An ambitious reporter gets in way-over-his-head trouble while investigating a senator's assassination which leads to a vast conspiracy involving a multinational corporation behind every event in the worlds headlines.
Alan J. Pakula
Norman is a curmudgeon with an estranged relationship with his daughter Chelsea. At Golden Pond, he and his wife nevertheless agree to care for Billy, the son of Chelsea's new boyfriend, and a most unexpected relationship blooms.
Six months after the disappearance of Tuscarora, PA businessman Tom Gruneman, his boss, Peter Cable, and his wife, Holly Gruneman, hire Tom's best friend, private detective John Klute to find out what happened to Tom, as the police have been unable to do so, and despite John having no expertise in missing persons cases. The only lead is a typewritten obscene letter Tom purportedly sent to Manhattan actress/model/call girl Bree Daniel, who admits to having received such letters from someone, and since having received several obscene telephone calls as well. The suggestion/belief is that Tom was one of Bree's past johns, although she has no recollection of him when shown his photograph. Bree tricking is more a compulsion than a financial need. In their initial encounters, John and Bree do whatever they can to exert their psychological dominance over the other, especially as Bree initially refused to even speak to him. Despite their less than friendly start, they embark on a personal ... Written by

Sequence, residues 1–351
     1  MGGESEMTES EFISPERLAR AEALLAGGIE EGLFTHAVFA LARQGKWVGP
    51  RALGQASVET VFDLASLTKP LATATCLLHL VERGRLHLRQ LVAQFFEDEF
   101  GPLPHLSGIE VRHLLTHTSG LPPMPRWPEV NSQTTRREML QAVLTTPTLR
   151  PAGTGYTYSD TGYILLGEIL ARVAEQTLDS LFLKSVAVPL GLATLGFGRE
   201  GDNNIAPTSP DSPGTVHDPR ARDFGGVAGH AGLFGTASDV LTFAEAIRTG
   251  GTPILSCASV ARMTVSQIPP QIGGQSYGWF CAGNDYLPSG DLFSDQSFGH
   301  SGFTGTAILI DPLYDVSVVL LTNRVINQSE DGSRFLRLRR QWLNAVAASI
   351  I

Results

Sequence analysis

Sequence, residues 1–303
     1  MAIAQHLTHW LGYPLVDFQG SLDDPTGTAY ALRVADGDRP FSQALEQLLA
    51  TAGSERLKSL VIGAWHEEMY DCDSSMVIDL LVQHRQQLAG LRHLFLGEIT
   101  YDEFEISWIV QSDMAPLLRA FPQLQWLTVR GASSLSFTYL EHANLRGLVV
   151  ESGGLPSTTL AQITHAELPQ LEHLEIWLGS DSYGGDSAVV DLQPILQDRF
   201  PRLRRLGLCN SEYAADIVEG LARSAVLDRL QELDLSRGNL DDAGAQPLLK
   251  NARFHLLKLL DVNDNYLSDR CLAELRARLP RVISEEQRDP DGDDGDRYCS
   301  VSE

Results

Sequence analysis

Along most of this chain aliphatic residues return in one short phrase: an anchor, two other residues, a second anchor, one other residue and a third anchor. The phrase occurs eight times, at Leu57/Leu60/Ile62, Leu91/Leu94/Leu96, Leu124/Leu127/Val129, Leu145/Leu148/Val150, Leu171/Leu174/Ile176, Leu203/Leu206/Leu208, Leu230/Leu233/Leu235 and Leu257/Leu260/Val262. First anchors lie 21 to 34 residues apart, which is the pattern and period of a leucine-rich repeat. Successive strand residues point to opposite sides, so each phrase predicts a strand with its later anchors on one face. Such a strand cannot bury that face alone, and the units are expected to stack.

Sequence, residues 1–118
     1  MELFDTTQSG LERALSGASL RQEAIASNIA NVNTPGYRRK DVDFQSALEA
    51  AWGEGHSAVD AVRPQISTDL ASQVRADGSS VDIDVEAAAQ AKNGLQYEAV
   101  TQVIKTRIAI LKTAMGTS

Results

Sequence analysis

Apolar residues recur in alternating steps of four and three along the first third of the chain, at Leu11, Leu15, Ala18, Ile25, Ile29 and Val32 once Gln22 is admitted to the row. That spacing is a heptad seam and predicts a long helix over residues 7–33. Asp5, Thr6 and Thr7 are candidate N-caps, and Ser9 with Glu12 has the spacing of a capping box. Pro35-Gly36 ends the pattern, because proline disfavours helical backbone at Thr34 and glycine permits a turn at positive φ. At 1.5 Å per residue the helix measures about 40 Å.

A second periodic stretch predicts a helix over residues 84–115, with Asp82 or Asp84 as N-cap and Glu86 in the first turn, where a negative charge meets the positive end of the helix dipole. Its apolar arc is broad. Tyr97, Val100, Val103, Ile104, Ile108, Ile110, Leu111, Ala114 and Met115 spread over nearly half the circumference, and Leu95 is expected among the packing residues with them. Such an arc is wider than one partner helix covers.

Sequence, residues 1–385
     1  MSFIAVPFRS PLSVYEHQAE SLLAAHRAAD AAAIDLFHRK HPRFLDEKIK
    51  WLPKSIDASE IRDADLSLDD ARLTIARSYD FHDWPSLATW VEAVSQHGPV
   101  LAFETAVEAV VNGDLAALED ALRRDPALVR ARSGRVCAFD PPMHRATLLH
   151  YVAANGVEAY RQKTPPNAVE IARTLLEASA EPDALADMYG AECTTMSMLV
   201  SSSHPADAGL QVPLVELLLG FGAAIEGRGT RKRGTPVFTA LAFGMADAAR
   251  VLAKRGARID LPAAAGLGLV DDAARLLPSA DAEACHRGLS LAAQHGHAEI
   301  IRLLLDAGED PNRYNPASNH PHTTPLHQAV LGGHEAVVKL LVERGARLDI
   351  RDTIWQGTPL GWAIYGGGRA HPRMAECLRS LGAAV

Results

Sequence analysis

The amount of tape in the take up reel of Klute's tape recorder when he stops it and rewinds while talking on the phone with Trask. See more »
I was just finishing up some work here. I used to be a photographer, you know... before I got into publishing.
He knows you're a pimp, Frankie. He knows you were my pimp.
Excuse me... Bree, would you mind waiting outside?
I always respected Bree. I want to make something clear: you know, I don't go to a woman. A woman comes to me. *Her* choice.
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Despite the rough-edges reputation of Pakula, he always manages to give us some beautifully shot, almost fragile images. Like Fonda pondering an envelope full of money and a blank invoice while surrounded by clothing-store dummies; or Sutherland choosing apricots by feel; or even Roy Scheider's silent acknowledgement that he is being used. And Fonda's artless performance is so unbelieveable, I couldn't believe it was her.
Terrifically acted - everyone takes just the right tone. My only quibble about the movie is how the mystery is solved. It's much too abrupt given the meandering pace of the rest of the movie. But the plot means nothing in this surprisingly delicate character study.
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